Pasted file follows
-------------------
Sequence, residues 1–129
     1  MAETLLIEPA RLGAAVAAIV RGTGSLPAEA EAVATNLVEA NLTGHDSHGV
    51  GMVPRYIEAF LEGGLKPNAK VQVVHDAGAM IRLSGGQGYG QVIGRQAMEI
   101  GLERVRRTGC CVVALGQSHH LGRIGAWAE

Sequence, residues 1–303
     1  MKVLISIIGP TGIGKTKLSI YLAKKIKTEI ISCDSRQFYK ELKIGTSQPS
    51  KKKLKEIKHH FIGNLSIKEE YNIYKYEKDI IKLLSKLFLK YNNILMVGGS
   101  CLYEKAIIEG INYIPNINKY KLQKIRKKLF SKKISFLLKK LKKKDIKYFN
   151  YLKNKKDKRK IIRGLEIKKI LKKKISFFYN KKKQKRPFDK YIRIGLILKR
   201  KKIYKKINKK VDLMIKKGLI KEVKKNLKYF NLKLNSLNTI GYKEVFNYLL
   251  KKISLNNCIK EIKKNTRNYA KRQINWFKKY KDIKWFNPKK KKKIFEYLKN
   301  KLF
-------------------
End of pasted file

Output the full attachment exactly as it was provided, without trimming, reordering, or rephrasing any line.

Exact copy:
Sequence, residues 1–129
     1  MAETLLIEPA RLGAAVAAIV RGTGSLPAEA EAVATNLVEA NLTGHDSHGV
    51  GMVPRYIEAF LEGGLKPNAK VQVVHDAGAM IRLSGGQGYG QVIGRQAMEI
   101  GLERVRRTGC CVVALGQSHH LGRIGAWAE

Sequence, residues 1–303
     1  MKVLISIIGP TGIGKTKLSI YLAKKIKTEI ISCDSRQFYK ELKIGTSQPS
    51  KKKLKEIKHH FIGNLSIKEE YNIYKYEKDI IKLLSKLFLK YNNILMVGGS
   101  CLYEKAIIEG INYIPNINKY KLQKIRKKLF SKKISFLLKK LKKKDIKYFN
   151  YLKNKKDKRK IIRGLEIKKI LKKKISFFYN KKKQKRPFDK YIRIGLILKR
   201  KKIYKKINKK VDLMIKKGLI KEVKKNLKYF NLKLNSLNTI GYKEVFNYLL
   251  KKISLNNCIK EIKKNTRNYA KRQINWFKKY KDIKWFNPKK KKKIFEYLKN
   301  KLF